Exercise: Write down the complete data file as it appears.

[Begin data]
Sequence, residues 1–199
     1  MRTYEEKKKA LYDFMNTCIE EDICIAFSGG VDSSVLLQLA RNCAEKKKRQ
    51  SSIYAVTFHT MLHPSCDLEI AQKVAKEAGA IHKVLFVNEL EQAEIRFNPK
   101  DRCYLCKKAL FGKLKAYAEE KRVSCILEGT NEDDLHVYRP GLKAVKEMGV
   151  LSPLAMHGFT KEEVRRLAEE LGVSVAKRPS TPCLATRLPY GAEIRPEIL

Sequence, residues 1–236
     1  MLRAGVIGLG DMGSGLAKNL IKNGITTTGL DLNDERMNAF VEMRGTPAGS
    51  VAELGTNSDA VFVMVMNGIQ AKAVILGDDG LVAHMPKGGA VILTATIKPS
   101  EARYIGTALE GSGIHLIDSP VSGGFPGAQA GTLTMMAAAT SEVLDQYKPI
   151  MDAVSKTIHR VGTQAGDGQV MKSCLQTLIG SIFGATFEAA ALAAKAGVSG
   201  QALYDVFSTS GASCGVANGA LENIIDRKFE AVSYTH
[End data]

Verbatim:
Sequence, residues 1–199
     1  MRTYEEKKKA LYDFMNTCIE EDICIAFSGG VDSSVLLQLA RNCAEKKKRQ
    51  SSIYAVTFHT MLHPSCDLEI AQKVAKEAGA IHKVLFVNEL EQAEIRFNPK
   101  DRCYLCKKAL FGKLKAYAEE KRVSCILEGT NEDDLHVYRP GLKAVKEMGV
   151  LSPLAMHGFT KEEVRRLAEE LGVSVAKRPS TPCLATRLPY GAEIRPEIL

Sequence, residues 1–236
     1  MLRAGVIGLG DMGSGLAKNL IKNGITTTGL DLNDERMNAF VEMRGTPAGS
    51  VAELGTNSDA VFVMVMNGIQ AKAVILGDDG LVAHMPKGGA VILTATIKPS
   101  EARYIGTALE GSGIHLIDSP VSGGFPGAQA GTLTMMAAAT SEVLDQYKPI
   151  MDAVSKTIHR VGTQAGDGQV MKSCLQTLIG SIFGATFEAA ALAAKAGVSG
   201  QALYDVFSTS GASCGVANGA LENIIDRKFE AVSYTH